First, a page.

“Most people tried to evolve themselves in a way wherein they could take up newer tasks, which were more relevant to the new scheme of things compared to the previous scheme of things.” The employees were receptive of the changes being carried across, from something as basic as replacing fleet on street with online channels and referrals, to ensure they are able to run a healthy network of franchisees, to contributing outside their existing roles, by upskilling themselves in the specific domain through Gurukul.
“There is a skill journey that every person takes in the network. You start at a very basic level. and then if you want to earn more on the platform, you have to take certain skill courses, which comes under the domain of ‘Gurukul’. Once the person gets skilled in a particular content, then they become eligible to do more orders in a new business line, followed by their performance being monitored for a while. In case someone is not able to develop at all, what we are now going to do is we're also going to give them the option to go to one of these hyperlocal touchpoints to get trained more physically and directly, rather than just through an app,” noted Chandra.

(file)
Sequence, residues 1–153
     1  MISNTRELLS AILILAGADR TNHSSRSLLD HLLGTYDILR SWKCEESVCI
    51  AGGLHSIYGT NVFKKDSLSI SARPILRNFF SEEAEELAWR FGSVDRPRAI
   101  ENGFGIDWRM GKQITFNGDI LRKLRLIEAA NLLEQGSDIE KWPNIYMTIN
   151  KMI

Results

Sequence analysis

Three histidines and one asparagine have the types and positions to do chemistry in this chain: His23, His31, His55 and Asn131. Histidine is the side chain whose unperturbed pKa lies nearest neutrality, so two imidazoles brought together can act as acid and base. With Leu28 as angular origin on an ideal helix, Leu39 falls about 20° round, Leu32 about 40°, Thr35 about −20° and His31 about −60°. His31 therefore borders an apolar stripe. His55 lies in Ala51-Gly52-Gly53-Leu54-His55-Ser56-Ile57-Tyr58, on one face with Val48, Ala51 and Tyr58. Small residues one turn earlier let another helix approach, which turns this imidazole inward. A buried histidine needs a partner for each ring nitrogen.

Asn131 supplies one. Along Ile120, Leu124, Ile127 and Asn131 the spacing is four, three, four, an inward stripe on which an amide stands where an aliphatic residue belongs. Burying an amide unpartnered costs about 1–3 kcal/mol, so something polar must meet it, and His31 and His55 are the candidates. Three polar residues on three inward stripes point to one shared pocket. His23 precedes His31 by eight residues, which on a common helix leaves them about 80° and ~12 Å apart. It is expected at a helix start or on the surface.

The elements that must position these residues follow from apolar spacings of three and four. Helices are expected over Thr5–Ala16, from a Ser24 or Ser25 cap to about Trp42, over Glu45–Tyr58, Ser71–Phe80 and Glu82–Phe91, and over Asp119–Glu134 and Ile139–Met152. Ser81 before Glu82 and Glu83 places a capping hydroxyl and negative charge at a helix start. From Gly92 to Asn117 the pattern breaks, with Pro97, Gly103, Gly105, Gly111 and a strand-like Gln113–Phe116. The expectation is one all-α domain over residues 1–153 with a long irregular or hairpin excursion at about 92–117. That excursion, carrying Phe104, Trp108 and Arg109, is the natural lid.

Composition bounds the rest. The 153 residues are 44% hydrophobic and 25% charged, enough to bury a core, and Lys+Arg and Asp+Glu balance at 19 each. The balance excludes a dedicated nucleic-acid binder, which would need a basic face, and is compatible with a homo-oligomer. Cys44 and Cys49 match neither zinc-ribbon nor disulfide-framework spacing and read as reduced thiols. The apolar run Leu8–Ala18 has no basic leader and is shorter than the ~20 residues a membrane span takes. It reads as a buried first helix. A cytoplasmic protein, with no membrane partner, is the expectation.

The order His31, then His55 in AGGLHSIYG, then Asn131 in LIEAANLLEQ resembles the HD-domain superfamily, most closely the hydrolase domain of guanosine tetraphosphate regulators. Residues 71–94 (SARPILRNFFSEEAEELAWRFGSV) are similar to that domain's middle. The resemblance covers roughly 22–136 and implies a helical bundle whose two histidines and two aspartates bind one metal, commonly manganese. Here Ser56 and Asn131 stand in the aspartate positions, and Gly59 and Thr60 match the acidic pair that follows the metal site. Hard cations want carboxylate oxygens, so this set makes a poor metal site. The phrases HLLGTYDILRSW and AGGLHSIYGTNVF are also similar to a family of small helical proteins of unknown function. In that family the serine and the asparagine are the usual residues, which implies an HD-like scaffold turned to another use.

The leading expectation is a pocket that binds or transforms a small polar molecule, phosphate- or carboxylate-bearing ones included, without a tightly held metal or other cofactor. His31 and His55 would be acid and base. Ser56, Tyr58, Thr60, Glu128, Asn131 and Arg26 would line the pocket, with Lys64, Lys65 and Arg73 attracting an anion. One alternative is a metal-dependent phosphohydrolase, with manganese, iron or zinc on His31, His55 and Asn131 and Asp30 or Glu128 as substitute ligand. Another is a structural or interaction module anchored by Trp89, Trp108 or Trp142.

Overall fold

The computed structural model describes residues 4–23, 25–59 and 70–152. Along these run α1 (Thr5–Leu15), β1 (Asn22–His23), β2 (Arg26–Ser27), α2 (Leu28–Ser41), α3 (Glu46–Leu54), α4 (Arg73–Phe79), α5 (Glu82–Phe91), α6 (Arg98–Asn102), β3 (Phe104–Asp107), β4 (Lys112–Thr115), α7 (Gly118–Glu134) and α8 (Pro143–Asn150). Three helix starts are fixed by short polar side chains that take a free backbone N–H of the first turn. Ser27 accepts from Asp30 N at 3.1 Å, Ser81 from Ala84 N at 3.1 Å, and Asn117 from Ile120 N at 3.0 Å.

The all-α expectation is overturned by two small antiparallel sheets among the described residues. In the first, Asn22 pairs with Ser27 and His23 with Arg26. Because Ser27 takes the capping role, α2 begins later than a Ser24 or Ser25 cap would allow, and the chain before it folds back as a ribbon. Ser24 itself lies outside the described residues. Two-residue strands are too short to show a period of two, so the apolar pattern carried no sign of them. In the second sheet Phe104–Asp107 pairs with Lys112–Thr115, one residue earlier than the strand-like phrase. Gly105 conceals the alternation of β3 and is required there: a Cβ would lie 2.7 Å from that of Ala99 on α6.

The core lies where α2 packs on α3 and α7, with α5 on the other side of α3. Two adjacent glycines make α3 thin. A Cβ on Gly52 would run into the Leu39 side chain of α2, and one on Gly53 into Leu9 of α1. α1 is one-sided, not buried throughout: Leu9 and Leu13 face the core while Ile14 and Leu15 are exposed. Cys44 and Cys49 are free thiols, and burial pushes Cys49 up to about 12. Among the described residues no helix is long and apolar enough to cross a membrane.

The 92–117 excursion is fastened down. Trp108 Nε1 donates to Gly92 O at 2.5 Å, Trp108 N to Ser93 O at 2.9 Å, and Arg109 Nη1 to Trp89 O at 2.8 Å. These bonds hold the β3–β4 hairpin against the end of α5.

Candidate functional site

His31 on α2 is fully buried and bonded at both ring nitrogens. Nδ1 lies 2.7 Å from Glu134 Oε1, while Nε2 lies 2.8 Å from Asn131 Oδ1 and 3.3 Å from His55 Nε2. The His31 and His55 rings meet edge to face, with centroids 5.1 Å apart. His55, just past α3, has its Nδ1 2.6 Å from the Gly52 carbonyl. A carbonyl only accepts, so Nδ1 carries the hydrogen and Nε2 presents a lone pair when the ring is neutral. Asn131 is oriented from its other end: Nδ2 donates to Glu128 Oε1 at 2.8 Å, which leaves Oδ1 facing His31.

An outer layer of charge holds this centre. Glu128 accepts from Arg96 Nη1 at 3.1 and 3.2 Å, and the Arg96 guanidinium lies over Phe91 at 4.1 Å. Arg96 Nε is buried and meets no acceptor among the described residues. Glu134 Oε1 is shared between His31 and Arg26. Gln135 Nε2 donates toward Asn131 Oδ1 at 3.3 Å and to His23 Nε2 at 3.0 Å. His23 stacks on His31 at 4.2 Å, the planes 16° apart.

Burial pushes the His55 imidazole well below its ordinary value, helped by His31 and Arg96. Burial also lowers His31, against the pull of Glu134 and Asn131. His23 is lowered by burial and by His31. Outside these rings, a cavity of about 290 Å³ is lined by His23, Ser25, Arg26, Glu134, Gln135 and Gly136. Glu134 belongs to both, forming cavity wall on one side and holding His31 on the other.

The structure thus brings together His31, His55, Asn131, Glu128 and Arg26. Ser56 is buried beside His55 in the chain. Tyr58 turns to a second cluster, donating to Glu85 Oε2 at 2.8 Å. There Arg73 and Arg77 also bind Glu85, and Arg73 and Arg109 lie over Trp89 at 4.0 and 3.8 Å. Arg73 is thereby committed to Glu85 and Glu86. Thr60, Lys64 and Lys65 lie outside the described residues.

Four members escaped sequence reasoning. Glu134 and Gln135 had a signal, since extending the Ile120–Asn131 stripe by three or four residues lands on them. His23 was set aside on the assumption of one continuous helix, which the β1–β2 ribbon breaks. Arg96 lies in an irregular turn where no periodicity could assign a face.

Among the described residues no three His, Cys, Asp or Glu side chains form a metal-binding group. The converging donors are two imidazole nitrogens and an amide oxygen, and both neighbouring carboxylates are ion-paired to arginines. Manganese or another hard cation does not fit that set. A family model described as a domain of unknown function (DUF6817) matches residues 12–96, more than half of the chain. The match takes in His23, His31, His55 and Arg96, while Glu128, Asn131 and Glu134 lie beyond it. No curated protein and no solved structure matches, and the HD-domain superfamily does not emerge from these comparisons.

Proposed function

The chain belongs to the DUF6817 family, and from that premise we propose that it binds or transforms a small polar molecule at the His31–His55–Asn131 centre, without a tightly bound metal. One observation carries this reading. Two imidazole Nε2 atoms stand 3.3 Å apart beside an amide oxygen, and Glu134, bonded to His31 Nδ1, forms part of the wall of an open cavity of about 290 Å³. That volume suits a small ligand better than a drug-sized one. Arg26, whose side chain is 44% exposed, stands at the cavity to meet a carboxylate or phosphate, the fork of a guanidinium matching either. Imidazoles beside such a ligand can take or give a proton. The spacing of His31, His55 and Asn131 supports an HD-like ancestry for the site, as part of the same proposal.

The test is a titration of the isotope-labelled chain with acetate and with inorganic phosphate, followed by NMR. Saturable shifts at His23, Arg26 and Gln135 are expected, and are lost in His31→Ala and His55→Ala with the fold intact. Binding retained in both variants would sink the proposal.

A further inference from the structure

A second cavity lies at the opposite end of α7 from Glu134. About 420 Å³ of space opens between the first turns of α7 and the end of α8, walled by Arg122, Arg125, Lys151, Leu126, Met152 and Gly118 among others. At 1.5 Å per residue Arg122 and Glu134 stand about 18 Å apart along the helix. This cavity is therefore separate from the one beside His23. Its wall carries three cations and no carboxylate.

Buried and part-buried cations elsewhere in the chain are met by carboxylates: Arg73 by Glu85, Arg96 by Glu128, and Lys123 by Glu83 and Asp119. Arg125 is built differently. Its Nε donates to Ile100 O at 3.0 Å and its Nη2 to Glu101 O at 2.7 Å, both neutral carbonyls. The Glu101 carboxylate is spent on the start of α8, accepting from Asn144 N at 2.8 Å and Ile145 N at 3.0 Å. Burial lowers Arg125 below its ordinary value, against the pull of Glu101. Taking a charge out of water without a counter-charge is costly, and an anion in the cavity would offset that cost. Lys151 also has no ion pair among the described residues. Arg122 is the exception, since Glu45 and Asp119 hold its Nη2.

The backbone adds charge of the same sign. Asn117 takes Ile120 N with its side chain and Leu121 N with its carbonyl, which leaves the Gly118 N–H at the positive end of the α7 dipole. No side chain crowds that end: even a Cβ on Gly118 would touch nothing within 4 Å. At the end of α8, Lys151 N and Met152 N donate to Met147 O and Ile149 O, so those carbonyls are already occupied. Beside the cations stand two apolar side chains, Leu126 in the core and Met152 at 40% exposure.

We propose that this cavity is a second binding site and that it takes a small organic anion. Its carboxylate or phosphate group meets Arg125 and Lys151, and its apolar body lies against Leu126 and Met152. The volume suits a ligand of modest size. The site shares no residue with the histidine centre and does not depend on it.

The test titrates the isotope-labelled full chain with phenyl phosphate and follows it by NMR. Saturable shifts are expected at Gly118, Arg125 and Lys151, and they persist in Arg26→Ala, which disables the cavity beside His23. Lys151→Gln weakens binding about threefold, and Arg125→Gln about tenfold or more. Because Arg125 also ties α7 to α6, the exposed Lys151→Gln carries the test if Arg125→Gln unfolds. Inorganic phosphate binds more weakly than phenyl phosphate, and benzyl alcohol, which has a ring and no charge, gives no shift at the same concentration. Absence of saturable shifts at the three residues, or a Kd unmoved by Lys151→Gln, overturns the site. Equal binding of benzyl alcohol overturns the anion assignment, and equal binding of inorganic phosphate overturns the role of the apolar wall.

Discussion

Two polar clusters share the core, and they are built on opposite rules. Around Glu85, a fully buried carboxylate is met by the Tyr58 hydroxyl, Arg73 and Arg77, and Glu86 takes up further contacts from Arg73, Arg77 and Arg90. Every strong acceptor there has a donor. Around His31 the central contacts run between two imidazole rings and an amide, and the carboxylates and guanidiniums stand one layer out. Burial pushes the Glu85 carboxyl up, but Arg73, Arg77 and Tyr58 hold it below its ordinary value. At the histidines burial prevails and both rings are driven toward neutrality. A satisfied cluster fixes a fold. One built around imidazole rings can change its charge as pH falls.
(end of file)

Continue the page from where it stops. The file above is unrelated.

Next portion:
A paradigm shift from digital to human-tech
Trehan remarked that when we normally think of remote onboarding, we only think of digital, however Shadowfax has created a paradigm shift in how onboarding can be transformed. Chandra responded saying, “To me, digital need not remove the human element from it completely. I remember we used to have a branding session, a discussion on who we are, and the manager said that we're not really a technology company, we're a human tech company. Over the years, what we realized is that our business, and especially onboarding, has had a major amount of human touch to it. You cannot let go of it just because there are digital aspects that have come in."
"So for all businesses there is always an approach when you can leverage your technology bit better, but still allow all these human elements to come in,” said Chandra.
Chandra encouraged leaders and managers to bring in their workforce as flagbearers, to conduct a lot of activities that they would want to do in their respective networks, be it tapping into referrals, or to conduct micro-onboarding campaigns here and there on an ad-hoc basis.